The fishing reel brands that I researched were Okuma, Shimano, Daiwa, Penn, Duel, Fin-Nor, and Accurate.  I’d have to say the Shimano Tiagra 130 was my favorite; besides Shimano reels have excellent brand recognition.  It seemed to be a rugged fishing reel, had more than enough line capacity, and boasted almost 100lbs of drag.  I read nothing but rave reviews.  For a 130 class fishing reel, the $1,250 price tag wasn’t that bad, but I had to pass because I didn’t want to blow the majority of my shark gear budget on only the reel.

Choosing My First Shark Reel:  Tiagra TI130A

Shimano Tiagra TI130A

The Penn Senator reels were the cheapest.  Penn reels are extremely popular for saltwater fishing.  From what I read the Penn Senators have rich history and at one time they were the go to fishing reel for a serious shark fisherman.  The Penn Senators use a star drag system, which I’m pretty familiar with.   But after studying about lever drag systems, I felt that lever drag was the way to go.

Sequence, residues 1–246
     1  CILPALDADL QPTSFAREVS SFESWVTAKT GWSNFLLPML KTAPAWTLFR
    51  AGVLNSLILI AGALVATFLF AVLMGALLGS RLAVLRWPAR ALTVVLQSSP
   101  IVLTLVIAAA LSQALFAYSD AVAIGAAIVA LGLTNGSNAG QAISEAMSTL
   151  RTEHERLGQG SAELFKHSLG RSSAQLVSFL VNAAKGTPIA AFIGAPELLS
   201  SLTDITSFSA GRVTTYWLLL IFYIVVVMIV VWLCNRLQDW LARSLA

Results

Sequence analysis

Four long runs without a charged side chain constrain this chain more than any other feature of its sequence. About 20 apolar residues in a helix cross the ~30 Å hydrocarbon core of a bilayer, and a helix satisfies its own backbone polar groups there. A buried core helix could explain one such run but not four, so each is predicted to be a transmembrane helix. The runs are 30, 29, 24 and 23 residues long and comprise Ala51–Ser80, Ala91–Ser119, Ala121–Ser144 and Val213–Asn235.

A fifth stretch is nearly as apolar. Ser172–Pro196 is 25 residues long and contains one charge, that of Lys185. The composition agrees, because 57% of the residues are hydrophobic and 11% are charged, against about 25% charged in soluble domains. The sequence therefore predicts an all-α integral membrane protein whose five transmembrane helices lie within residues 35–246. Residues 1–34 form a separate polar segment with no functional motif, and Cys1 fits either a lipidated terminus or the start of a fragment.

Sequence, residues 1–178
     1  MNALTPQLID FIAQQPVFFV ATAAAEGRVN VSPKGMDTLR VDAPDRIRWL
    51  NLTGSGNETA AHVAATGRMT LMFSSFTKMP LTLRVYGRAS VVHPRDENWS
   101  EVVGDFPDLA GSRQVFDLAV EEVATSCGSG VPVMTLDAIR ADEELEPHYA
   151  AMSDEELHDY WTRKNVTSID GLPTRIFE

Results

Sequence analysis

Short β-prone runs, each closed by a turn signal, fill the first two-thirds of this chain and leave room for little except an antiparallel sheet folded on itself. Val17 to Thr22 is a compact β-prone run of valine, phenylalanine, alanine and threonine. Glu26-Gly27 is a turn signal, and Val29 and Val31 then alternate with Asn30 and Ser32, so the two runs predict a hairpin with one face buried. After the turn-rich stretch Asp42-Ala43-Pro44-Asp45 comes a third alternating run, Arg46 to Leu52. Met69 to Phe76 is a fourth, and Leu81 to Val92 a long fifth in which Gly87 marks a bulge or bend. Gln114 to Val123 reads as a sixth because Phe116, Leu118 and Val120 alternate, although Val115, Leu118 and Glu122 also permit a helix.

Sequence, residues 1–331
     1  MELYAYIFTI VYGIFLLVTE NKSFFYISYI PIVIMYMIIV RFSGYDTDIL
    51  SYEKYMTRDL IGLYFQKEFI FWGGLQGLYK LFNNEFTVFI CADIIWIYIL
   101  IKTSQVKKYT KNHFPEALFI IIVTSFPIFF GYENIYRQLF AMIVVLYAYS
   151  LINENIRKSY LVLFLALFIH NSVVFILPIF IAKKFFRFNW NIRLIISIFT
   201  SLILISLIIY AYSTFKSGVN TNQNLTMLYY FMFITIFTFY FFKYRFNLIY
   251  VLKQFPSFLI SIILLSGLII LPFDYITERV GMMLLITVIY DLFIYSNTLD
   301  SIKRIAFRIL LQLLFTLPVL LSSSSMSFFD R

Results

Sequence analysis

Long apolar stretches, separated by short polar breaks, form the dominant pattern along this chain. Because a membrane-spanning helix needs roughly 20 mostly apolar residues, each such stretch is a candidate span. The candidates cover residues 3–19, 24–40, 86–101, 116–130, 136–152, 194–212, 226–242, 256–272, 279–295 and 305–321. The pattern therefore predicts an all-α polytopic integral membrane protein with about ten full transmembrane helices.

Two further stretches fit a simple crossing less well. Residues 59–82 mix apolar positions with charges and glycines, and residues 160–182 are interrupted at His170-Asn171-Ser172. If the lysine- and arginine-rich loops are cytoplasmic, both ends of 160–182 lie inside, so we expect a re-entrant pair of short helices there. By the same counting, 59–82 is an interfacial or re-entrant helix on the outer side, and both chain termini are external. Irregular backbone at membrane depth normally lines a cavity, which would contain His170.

Choosing My First Shark Reel:  Penn117l

Penn Senator 14/0


So while the Penn Senator fishing reel is extremely budget friendly, with a 14/0 costing about $500, I passed.  I ended up determining that the Avet 80 EXW-2 fishing reel presented the best value.  It has 57lbs of drag, and it has capacity to fit 1,500 yards of 130lb line on it; 1,200 yards of 130lb braid backing and 300 yards of 130lb monofilament top-shot.  It not only has the level drag system that I wanted, but it also had a 2-speed retrieval system.  When retrieving line it has a high gear which helps quickly reel in line from those five-football-field bait drops, and it has a low gear that can be used to wench in a stubborn shark that doesn’t want to budge.  The $750 price tag was just within my budget.  Here is a picture of my new Avet 80 EXW-2 next to my Abu 7000 CS Pro-Rocket.

Choosing My First Shark Reel

Avet 80exw-2 and Abu Garcia 7000 CS Pro Rocket

I can’t wait to make my first bait drop!!